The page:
Lituya bay is around nine miles) long and two miles wide, although it becomes narrower at both ends. There are also a number of glaciers that run into the lake. The lake is 722ft (220m) deep at some points.

Sicily: 8,000 years ago

A spring of gushing lava initiated a torrential landslide in Sicily 8,000 years ago. This collided with the ocean at more than 200 mph, triggering a decimating wave that spread across the Mediterranean Sea. There are no academic records of the occasion, however, verbal accounts have been passed down through the generations. Written and illustrated records also exist and researchers believe the powerful wave was taller than a 10-story building.

A giant tsunami tidal wave like the one that engulfed Sicily breaks on the shore

A giant tsunami tidal wave like the one that engulfed Sicily breaks on the shore

Portugal: November 1, 1755

The tremor started at 9:30am on November 1st, 1755, and was focused in the Atlantic Ocean, around 200 km from Cape St. Vincent in Portugal's capital, Lisbon. The shaking lasted from ten minutes and was involved several notable shocks. Impacts from the seismic tremor were extensive.

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When a monster seismic tremor annihilated Lisbon, Portugal and shook much of Europe, folks took shelter by pontoon. A tidal wave followed, as did stupendous blazes. Out and out, the occasion murdered something greater than 60,000 individuals. Granted that not the strongest or most lethal quake in human history, the 1755 Lisbon tremor's sway, not just on Portugal but on the sum total of Europe, was deep and continuing on. Delineations of the quake in delineation and written works might be found in numerous European nations, and the aforementioned were processed and repeated for a considerable length of time taking after the occasion, which approached be reputed to be "The Great Lisbon Earthquake."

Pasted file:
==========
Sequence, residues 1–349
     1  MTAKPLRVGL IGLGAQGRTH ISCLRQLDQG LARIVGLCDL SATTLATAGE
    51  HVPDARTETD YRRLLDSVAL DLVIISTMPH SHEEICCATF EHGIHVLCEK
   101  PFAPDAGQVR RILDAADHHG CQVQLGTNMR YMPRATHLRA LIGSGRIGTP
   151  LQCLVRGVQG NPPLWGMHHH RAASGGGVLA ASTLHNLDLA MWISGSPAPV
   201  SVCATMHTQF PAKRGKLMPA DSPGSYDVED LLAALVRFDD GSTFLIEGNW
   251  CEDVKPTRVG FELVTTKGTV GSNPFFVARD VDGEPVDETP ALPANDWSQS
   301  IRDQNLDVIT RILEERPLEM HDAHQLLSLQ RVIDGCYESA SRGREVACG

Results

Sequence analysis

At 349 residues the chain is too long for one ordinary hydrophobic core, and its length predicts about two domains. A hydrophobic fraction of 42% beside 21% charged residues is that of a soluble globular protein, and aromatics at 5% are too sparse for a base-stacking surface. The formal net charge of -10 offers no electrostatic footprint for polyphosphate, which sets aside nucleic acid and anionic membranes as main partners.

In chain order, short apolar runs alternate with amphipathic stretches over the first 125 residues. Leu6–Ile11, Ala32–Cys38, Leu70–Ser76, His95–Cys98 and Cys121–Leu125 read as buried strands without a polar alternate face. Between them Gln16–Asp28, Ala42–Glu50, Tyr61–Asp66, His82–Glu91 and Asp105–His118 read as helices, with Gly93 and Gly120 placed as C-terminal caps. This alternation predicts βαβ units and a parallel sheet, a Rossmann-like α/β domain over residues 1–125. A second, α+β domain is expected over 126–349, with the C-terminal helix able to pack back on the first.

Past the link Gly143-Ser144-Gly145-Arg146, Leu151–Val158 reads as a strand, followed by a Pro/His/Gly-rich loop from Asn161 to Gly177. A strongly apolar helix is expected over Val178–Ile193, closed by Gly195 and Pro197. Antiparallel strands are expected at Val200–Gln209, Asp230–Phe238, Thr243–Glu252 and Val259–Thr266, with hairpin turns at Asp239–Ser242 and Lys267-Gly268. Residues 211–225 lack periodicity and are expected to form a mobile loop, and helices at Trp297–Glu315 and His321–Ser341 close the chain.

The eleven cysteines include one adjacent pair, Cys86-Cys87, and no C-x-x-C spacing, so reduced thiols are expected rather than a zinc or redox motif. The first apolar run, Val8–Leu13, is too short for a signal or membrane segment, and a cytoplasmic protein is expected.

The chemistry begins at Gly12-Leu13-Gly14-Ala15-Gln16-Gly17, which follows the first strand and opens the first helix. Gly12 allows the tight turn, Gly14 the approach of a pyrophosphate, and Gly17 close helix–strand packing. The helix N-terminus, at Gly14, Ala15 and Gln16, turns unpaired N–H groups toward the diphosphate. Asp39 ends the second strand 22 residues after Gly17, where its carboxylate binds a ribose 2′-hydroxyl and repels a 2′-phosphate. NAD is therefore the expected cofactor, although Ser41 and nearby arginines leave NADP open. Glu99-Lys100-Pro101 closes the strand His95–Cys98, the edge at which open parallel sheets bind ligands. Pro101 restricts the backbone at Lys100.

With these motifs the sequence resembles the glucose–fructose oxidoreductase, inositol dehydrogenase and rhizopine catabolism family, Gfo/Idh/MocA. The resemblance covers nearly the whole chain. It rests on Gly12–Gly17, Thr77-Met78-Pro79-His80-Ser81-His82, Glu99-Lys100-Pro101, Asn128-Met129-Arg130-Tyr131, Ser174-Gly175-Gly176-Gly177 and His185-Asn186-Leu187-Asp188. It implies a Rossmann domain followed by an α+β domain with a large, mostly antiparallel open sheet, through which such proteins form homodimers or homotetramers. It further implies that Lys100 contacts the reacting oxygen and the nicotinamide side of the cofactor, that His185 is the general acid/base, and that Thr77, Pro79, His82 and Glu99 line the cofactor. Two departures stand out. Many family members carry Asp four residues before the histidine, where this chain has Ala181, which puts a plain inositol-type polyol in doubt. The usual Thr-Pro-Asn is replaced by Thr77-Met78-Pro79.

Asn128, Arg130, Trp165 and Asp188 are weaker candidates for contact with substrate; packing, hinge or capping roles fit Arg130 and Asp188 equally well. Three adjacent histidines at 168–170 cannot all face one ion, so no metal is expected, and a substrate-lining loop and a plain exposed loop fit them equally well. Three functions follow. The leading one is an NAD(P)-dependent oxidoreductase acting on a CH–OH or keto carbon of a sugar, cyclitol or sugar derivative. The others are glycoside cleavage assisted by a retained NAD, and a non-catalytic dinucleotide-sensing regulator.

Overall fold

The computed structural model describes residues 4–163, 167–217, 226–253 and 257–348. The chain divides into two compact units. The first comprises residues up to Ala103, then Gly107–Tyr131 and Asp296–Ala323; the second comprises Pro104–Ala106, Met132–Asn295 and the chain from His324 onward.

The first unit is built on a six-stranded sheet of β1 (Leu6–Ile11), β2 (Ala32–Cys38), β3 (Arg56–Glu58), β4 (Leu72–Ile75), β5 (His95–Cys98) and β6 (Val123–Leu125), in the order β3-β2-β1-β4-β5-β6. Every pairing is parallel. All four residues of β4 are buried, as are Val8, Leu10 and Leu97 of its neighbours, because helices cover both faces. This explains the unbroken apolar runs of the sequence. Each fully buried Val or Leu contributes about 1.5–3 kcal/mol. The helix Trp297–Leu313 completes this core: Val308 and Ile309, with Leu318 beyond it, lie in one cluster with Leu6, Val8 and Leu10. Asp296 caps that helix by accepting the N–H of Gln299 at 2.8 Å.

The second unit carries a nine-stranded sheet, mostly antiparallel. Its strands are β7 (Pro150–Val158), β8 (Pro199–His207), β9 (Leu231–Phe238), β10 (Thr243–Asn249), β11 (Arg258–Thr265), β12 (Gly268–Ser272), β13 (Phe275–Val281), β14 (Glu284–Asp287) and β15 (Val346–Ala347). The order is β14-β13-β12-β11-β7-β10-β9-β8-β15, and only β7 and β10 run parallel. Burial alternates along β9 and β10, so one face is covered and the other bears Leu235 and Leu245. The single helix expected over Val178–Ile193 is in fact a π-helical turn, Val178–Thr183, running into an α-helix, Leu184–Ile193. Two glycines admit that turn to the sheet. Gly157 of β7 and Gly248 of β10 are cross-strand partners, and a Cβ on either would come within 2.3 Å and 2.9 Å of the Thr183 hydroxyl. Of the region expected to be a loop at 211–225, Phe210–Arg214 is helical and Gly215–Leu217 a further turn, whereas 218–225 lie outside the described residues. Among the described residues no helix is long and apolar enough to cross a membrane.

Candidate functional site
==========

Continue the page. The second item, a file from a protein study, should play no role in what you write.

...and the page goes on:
Krakatoa: August 27, 1883

The blast and collapse of Krakatoa volcano produced tidal waves that were reached120ft (37 metres) in height. The volcano's emissions continued to propel the a tidal wave and it drowned 36,000 folks in the Indonesian Islands of western Java and southern Sumatra.

The solidness of the waves pushed coral squares as vast as 600 tons onto the shore. The gigantic wave obliterated every last trace of the beachfront towns and villages on the Sunda Strait, within a few hours of the eruption and spilling of the well of lava . The waves were so destructive that coral squares weighing the same amount as 600 tons were tossed shorewards. A warship in the region was even conveyed 3 km inland by the waves and was kept at a 10 meter height above ocean level.

Japan: June 15, 1896

On the night of June 15, 1896, the northeast bank of Hondo, a Japanese island, was struck by a stupendous earthquake. The following wave was more destructive than any seismic activity in the history of the small region. Waves that reached as far skyward as 100 ft (30 meters), spawned by a quake, cleared the east coast of Japan. Some 27,000 local residents were killed. A few survivors, who saw the wave coming towards them through the night, said that it was around 80 to 100ft tall.